A wetsuit is a neoprene insulation suit made for warmth and protection in watersports. It functions by trapping a thin layer of water between your body and the suit. This layer of water is warmed by your body which prevents you from losing too much heat while in the water. Water molecules conduct energy (heat) 25-40 times faster compared to air molecules. For example, on a 60 degree day you probably feel comfortable outdoors with jeans and a shirt whereas you will probably start to shiver within minutes while swimming in the same temperature water.
Wetsuits are not meant to keep you entirely dry. Neoprene is made of small closed cells that are filled with air which provide insulation against cold water by trapping heat in. The thicker the suit's neoprene, the warmer the suit will be because it has more heat trapping insulation. It is important to research the water temperature (keeping in mind the different seasons and swells) in the region where you will primarily use your wetsuit. If the temperatures are cold enough to make your extremities go numb, think about using boots, gloves and hoods too.
One of the most important aspects when considering wetsuit warmth is the thickness of the neoprene. Wetsuit thickness is measured in millimeters, represented with two or three numbers separated by a slash. The first number represents the thickness of the neoprene in the torso area, the second number represents the thickness of the neoprene in the extremities (or just the legs if there is a 3rd number), and the third number (if present) represents the neoprene thickness in the arms. The thicker neoprene (the first number) is used for your torso in order to maintain your core body heat. Your core heat is extremely important to maintain in order to prevent hypothermia. The thinner neoprene (the second/third numbers) are used for your extremities. The thicker the neoprene, the more warmth but less flexibility; thus the thicker neoprene is placed where you need less flexibility (your core) and the thinner neoprene is used where your body is constantly in motion (arms and legs).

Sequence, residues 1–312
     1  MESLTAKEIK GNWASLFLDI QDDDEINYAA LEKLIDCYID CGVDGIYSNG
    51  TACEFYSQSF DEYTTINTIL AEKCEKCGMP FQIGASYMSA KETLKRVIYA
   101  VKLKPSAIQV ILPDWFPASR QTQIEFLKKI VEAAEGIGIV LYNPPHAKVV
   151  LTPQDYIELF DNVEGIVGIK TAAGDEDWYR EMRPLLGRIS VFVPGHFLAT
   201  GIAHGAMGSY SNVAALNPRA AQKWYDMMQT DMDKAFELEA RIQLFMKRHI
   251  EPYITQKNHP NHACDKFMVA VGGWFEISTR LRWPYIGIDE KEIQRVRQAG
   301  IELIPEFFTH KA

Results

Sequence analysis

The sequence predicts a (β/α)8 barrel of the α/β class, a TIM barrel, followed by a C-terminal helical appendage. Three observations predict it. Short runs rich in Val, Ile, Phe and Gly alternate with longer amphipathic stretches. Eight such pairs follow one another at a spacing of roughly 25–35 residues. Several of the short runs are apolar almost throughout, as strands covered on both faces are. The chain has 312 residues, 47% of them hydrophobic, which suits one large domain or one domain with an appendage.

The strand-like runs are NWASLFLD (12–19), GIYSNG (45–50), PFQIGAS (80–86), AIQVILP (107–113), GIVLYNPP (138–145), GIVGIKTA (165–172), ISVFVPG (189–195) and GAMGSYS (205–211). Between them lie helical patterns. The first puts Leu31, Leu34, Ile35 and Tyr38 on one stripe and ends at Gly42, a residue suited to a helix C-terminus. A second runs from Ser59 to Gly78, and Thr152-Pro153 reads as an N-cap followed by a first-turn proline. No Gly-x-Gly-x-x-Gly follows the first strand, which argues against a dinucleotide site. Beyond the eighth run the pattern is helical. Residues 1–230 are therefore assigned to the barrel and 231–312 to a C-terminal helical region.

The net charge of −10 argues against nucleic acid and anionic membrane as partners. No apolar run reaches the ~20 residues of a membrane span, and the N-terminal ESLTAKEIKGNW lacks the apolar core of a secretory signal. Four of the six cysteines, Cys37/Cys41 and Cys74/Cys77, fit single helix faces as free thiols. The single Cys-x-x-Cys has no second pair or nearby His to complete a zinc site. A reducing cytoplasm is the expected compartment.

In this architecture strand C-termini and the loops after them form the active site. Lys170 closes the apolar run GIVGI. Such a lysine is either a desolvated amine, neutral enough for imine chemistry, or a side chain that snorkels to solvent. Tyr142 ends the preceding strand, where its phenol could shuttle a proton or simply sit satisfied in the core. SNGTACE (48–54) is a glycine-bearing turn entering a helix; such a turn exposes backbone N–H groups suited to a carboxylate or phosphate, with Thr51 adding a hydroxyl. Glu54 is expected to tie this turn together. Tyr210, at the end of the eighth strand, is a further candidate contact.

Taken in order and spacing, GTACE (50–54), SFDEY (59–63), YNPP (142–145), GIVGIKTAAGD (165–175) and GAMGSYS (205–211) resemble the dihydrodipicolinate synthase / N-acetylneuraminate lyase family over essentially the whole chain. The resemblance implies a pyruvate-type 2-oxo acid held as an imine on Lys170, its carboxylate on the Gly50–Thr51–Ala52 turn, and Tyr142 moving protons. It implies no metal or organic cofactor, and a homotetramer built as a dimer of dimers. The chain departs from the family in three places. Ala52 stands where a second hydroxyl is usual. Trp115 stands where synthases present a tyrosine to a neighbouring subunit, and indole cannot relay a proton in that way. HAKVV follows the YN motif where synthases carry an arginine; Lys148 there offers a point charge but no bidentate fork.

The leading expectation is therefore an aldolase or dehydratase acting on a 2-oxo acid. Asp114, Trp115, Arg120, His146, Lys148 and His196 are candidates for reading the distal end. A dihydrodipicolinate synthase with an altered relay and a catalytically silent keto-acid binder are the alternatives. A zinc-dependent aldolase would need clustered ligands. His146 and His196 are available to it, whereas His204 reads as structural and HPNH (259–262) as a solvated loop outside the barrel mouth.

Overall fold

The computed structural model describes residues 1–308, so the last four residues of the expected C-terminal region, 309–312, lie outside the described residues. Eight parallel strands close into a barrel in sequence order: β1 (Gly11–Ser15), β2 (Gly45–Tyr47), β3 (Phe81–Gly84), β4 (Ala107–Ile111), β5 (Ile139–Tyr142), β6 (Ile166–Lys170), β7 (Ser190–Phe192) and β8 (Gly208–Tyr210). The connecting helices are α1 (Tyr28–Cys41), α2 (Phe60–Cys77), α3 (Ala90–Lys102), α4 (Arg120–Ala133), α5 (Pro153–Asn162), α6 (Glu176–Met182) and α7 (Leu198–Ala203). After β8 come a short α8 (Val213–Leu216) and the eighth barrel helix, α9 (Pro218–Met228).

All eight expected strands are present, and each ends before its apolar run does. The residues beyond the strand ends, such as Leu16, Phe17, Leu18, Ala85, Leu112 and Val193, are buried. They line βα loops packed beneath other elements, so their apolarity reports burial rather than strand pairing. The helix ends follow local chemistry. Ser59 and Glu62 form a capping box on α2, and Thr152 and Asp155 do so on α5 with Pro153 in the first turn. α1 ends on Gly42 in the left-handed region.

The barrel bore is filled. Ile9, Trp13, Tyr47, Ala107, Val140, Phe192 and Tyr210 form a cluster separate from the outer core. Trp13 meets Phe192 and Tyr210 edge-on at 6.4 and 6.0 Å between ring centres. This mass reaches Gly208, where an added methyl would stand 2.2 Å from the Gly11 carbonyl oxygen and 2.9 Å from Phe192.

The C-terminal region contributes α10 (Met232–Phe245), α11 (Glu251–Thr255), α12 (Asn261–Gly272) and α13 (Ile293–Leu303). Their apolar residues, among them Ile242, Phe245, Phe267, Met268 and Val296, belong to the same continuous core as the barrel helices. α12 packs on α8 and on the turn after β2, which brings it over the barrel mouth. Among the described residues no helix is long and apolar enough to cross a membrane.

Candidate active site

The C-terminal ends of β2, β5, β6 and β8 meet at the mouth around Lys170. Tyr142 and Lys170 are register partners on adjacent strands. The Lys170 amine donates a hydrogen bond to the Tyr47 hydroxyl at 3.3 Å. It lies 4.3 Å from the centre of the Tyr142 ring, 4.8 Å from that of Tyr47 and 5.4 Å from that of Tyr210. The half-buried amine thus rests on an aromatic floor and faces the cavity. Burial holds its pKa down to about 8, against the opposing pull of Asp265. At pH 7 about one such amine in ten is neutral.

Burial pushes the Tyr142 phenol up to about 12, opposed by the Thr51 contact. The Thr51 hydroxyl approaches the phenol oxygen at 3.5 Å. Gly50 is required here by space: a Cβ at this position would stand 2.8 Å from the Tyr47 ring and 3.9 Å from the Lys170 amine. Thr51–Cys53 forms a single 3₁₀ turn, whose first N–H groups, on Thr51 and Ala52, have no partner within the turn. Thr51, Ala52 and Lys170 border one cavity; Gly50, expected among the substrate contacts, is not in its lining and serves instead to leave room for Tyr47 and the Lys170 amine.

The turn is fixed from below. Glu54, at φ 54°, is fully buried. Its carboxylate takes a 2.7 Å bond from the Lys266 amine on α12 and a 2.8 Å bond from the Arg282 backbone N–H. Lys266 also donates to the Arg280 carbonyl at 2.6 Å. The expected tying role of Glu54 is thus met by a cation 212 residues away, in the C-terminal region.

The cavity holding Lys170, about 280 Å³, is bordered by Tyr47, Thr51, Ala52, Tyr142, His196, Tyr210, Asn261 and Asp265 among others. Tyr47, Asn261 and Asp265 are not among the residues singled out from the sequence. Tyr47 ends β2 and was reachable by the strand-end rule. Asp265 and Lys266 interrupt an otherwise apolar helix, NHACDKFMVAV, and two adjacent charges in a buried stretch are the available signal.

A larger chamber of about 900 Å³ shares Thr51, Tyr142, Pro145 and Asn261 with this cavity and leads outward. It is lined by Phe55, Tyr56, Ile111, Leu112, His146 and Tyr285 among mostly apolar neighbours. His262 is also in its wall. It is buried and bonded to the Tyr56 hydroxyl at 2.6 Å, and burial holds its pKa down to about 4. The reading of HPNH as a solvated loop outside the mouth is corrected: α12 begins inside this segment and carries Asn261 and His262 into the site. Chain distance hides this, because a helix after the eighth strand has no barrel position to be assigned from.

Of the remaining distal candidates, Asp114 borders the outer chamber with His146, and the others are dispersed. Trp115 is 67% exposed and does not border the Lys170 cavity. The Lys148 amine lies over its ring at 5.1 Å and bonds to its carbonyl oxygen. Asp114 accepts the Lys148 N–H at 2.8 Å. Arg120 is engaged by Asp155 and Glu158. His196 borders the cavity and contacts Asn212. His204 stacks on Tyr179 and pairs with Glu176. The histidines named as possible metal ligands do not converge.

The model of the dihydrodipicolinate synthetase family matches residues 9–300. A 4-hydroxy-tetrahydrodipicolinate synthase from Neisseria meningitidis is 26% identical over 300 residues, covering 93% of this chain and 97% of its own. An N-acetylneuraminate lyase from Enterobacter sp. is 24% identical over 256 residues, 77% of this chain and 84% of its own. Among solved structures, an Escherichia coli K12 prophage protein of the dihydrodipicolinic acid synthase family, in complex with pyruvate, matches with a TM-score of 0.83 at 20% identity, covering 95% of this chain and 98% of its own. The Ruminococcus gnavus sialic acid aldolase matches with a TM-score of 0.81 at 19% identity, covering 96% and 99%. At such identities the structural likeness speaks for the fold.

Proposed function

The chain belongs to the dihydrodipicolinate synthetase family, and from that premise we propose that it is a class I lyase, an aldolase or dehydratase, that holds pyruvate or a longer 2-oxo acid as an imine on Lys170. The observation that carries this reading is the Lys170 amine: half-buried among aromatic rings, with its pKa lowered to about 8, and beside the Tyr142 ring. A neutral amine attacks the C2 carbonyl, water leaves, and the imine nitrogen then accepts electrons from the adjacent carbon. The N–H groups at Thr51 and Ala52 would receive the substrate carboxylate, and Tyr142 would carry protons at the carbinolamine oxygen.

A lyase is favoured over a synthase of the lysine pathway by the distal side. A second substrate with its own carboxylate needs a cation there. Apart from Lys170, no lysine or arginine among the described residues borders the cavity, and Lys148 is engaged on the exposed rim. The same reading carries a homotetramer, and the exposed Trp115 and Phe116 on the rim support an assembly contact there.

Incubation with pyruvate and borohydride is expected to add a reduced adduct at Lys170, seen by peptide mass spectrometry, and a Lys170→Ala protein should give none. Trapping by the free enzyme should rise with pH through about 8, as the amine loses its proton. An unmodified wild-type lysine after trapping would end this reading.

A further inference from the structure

|Water Temperature Range (°F)||Wetsuit Thickness||Wetsuit Type||Seal Type|
|65°- 75°||0.5 mm - 2/1 mm||Top / Shorty||N/A|
|62°- 68°||2 mm - 3/2 mm||Springsuit / Full Suit||Flatlock|
|58°- 63°||3/2 mm - 4/3 mm||Full Suit + Boots||Sealed|
|52°- 58°||4/3 mm - 5/4/3 mm||Full Suit + Boots + Gloves + Hood||Sealed and Taped|
|43°- 52°||5/4 mm - 5/4/3 mm||Full Suit + Boots + Gloves + Hood||Sealed and Taped|
|42° and below||6/5 mm - 6/5/4 mm||Full Suit + Boots + Gloves + Hood||Sealed and Taped|
In addition to water temperature consider the following:
Please note: For cold air temperatures, more wind, an activity with less movement or if you get cold easily, consider a thicker wetsuit. These are general temperature guidelines. Many brands will provide their own temperature recommendations that may differ slightly from those listed above.
Fit is a very important aspect to consider when buying a wetsuit. If your wetsuit does not fit properly it will not be able to keep you warm or allow you the mobility you need for your sport. Consulting brand-specific size charts for wetsuits is the best way to start finding the correct wetsuit fit. A wetsuit should fit like a second skin with no sagging in the back or excessive bunching in the arms or legs. It should fit tight in order to keep only a thin layer of water between your body and your suit. If your suit is loose, an abundance of water will flush through, making the suit less effective at keeping you warm. A wetsuit should also fit snugly around your neck (many people wear a rashguard underneath their wetsuit to prevent a neck rash). Most women wear a swimsuit underneath for extra protection and support.